No matter what the office, last-minute attacks are part and parcel of our political campaigns.
Elections almost always get ugly and desperate in their final stages.
Nervous candidates and their frazzled supporters, cracking under the last-minute pressure, grow increasingly cranky as the hours to election day draw short, and they frequently give in to the temptation to make wild charges they hope will pay off at the ballot box.
That's the best explanation for the joint news conference held last week by Charlie Smyth, the Democratic candidate for Champaign County clerk, state Rep. Naomi Jakobsson and state Sen. Mike Frerichs.
Flanked by the two Democratic legislators, Smyth repeated a major theme of his campaign — his Republican opponent Gordy Hulten is improperly trying to "suppress" voter turnout. In other words, he's accusing Hulten, whose job it is to conduct elections, of trying to deny people their lawful right to vote.
Unfortunately for Smyth, Frerichs and Jakobsson actually undermined Smyth's charge by pledging to introduce legislation that will change the rules in future elections.
So if it's necessary to pass a law to require the clerk to do things differently in the future, doesn't that indicate that Hulten's actions are in compliance with state statutes, and, if so, what's the fuss?
The answer is obvious — this is another in a series of political attacks designed to give the impression that Hulten is improperly using his post to discourage those he suspects to be Democrats from casting ballots in Tuesday's election. That's quite a charge to lodge against a clerk who has presided over the registration of the largest number of voters in county history.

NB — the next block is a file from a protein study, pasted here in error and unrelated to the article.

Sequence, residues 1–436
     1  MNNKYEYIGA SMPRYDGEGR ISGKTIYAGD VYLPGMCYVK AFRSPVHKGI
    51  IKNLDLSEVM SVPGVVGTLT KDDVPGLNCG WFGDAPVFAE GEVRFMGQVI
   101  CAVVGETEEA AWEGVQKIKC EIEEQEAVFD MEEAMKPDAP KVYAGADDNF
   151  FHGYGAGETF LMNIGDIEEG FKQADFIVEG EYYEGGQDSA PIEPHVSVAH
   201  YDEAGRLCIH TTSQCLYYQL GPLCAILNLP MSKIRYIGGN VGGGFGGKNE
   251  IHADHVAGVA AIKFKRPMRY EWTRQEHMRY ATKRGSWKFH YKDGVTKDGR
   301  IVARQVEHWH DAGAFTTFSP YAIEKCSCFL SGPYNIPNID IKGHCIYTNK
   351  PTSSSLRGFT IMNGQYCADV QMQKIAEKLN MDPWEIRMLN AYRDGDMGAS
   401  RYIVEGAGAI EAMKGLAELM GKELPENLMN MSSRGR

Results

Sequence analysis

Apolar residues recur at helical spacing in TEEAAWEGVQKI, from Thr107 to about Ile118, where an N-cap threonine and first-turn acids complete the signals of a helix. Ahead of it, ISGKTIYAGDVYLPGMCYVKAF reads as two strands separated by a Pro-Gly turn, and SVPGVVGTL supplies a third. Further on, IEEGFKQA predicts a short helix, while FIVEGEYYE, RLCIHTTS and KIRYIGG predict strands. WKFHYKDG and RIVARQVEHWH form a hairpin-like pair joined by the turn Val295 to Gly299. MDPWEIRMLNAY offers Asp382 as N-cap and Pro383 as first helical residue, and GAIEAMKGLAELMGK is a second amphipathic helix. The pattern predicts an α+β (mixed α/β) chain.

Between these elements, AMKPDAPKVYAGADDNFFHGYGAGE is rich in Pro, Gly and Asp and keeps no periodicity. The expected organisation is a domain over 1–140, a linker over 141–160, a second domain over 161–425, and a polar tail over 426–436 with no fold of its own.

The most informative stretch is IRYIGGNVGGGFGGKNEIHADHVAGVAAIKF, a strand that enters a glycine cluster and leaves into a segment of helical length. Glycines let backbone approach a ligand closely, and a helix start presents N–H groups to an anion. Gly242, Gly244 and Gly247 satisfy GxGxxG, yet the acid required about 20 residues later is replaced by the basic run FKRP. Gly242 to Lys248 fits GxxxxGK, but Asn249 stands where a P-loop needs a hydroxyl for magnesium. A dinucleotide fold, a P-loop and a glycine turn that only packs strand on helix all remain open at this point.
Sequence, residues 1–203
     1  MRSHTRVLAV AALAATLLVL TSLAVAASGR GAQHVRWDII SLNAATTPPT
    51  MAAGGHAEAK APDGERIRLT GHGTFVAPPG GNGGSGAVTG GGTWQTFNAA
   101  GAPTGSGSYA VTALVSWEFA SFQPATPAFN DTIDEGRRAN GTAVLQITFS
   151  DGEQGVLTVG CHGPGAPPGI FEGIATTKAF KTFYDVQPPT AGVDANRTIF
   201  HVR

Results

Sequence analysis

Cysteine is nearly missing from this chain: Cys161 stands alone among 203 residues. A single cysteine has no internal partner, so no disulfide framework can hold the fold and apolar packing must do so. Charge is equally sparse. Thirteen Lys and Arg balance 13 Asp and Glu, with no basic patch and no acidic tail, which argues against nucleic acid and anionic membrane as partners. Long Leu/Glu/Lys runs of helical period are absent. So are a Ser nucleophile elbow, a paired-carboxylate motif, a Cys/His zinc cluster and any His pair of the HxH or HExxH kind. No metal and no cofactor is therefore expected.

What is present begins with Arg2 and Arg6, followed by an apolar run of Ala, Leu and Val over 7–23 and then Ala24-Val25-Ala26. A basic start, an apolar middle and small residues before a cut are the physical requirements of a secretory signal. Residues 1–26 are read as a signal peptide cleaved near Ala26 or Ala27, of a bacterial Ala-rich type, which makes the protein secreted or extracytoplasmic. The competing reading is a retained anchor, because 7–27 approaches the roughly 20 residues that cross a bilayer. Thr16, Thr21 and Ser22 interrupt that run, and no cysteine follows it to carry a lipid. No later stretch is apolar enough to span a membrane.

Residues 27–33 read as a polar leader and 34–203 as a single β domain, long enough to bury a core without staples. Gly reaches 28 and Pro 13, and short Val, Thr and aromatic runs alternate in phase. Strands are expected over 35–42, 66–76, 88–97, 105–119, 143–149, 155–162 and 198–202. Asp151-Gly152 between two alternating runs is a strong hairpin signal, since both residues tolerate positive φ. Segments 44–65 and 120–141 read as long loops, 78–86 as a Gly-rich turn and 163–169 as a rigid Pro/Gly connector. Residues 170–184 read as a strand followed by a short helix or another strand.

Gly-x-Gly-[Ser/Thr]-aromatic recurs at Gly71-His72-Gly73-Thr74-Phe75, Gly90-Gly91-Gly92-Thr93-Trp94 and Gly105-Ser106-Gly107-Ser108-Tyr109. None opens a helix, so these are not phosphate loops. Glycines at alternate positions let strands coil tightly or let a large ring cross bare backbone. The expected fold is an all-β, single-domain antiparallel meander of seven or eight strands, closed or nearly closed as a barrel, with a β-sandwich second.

The particulars of this dispute involve "grace period" voters, those who blew the state-mandated Oct. 9 registration deadline and waited until the last minute to register. Hulten could allow same-day voting, but prefers to have late-registrants apply for an absentee ballot, wait for the application to come in the mail, return it and then wait for the absentee ballot.
It's certainly more cumbersome than allowing same-day voting, but Hulten said he prefers to treat all voters the same.
In the case of all newly registered voters, it means confirming the registrant's address by sending a piece of mail to the address listed and conducting a duplicate registration check. Is that process the hallmark of "voter suppression"?
The Democrats even trotted out one of those grace-period voters, an Urbana resident who complained not that he's being denied the right to cast his ballot but rather that he's afraid he won't receive his absentee ballot in time.
There will, of course, always be people who wait until the absolute last minute and want what they want when they want it. If there weren't, Smyth, Jakobsson and Frerichs couldn't use them as dubious exhibits at their politically inspired news conferences.
There are few things easier than registering to vote and voting. That Smyth has to go to such lengths to attack his opponent suggests he doesn't have much else to talk about.